Broadway star Valerie Stanton, breaking up with her producer-lover Gordon Dunning, unintentionally kills him. In flashback, she recalls meeting new flame Michael Morrell, and Dunning's ... See full summary »
A Native American ex-con finds work as a miner in a town controlled by the vile Driggers family. The miners are treated poorly and those who complain too much get killed. The ex-con decides... See full summary »
David S. Cass Sr.
Lou Diamond Phillips,
The character and murderous career of Dr. Martout was based on fact. The real doctor, very much as depicted in the film, was a Dr. Petiot, who was tried and convicted of 26 murders, but suspected of over 100. He was executed by guillotine. See more »
Not a stiff upper lip to be seen. Instead, French bordellos, bread sticks, wine, lust and seething emotions are on the menu as two British escapees from a German POW camp try to hide out in the occupied port city of Marseilles while waiting for a boat back to England.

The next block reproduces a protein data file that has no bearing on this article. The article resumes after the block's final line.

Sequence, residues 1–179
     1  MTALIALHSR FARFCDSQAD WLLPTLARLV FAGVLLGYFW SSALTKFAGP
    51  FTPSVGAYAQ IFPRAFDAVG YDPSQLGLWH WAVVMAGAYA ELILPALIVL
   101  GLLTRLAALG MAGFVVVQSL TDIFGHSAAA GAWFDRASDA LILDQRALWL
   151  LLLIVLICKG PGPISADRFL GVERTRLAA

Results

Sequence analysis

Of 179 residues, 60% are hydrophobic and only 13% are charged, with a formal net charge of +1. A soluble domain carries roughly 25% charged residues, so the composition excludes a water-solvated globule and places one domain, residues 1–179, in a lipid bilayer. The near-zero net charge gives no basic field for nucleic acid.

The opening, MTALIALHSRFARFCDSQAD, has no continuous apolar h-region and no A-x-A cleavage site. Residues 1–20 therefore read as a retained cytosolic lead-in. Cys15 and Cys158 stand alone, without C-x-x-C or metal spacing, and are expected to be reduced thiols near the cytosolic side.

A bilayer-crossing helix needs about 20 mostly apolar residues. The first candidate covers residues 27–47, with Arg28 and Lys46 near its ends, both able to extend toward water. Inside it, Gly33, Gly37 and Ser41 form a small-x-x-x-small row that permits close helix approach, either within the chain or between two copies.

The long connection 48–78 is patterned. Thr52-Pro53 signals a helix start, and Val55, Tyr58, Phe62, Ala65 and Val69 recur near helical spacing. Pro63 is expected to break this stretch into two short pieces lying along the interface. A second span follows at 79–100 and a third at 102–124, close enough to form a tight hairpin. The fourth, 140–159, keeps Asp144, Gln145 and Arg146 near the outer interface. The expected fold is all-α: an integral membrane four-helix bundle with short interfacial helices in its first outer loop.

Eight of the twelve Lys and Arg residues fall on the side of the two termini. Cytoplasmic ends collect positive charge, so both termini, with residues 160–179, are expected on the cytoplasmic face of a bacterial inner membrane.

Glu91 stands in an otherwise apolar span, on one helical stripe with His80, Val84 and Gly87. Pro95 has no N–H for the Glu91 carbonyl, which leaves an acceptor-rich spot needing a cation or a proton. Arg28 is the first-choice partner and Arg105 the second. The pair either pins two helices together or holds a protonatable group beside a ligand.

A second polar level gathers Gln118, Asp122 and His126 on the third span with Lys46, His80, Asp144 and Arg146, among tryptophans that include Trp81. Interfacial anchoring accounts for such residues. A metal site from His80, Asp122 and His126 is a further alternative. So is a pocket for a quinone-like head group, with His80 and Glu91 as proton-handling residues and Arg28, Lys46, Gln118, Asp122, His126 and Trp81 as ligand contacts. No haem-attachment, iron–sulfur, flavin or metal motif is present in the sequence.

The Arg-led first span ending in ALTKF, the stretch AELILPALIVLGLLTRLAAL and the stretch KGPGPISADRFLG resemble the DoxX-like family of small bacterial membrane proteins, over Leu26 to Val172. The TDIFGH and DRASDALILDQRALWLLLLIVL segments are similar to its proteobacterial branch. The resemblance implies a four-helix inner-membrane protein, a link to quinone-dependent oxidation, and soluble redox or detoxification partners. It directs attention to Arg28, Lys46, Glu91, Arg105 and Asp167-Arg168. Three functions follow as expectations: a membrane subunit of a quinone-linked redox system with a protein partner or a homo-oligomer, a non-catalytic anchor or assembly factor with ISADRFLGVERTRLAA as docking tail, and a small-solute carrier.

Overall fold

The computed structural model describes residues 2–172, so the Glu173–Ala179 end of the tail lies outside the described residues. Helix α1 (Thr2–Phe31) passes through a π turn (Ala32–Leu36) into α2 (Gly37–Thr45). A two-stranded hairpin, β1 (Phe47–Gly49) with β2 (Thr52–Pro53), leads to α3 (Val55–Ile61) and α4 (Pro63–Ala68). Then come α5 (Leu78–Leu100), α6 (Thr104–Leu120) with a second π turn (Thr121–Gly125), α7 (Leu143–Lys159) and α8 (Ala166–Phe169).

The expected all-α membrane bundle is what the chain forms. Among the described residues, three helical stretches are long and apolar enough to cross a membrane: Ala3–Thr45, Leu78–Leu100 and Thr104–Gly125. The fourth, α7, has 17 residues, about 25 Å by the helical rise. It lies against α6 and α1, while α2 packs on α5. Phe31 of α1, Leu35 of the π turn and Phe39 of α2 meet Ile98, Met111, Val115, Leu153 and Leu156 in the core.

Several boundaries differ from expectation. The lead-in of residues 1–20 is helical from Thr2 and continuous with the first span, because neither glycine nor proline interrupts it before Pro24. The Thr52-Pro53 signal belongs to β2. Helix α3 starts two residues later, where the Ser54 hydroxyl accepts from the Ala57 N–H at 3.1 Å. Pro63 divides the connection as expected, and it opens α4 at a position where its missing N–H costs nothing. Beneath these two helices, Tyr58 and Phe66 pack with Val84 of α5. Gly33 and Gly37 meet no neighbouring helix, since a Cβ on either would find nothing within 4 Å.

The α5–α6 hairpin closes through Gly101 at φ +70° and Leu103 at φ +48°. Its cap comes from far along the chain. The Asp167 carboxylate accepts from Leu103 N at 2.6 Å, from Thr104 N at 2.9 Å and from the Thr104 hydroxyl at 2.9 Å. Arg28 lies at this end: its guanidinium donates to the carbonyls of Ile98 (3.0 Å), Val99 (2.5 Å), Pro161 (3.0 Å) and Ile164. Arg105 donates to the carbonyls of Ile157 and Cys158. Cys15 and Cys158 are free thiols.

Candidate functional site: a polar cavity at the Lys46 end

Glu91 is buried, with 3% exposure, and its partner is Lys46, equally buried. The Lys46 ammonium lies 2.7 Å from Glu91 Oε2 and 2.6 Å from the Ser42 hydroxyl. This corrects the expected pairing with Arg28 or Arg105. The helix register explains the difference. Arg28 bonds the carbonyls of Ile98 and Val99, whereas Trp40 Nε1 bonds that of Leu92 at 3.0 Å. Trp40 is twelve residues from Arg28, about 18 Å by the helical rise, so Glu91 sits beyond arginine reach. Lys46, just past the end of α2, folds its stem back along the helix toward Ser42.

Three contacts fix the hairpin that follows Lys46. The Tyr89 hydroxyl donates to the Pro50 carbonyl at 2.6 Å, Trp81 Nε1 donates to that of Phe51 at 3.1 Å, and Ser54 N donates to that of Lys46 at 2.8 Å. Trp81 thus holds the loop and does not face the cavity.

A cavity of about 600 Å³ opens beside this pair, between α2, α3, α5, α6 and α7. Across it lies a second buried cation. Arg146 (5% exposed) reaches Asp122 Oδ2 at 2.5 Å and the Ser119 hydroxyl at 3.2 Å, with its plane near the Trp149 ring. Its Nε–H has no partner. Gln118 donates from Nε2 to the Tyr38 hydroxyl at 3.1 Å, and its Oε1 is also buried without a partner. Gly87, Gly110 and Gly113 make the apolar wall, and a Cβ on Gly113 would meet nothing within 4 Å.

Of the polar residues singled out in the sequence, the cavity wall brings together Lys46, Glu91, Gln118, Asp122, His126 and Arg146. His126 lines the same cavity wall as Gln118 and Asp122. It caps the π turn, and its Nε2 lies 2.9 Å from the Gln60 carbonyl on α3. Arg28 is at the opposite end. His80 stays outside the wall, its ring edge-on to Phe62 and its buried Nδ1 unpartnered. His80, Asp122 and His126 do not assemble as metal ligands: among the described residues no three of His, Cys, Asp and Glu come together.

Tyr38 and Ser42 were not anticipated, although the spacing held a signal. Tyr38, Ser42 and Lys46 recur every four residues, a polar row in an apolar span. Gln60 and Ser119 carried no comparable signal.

I say `try' to hide out, because their presence soon becomes an open secret
the Germans seem to be the only ones not in on it. And with all those
friendly locals around, that's where the lust and other emotions come in after all what's a chap to do while sitting around in a lively French city?
As well as the highly original story line, other very striking features of this movie include the superb black & white filming which lovingly captures the teeming bohemian district of Marseilles. Also one can't help being struck by the astonishingly handsome cast of relatively obscure leading actors. The two British escapees in particular could have stepped straight out of a Mr Universe competition. The better known James Robertson Justice plays only a minor but memorable role.
Just for sheer imagination, style and novelty, this movie stands out as a welcome variation on the wartime escape theme. By the way, don't switch off early because the Nazis provide a spectacular surprise ending.
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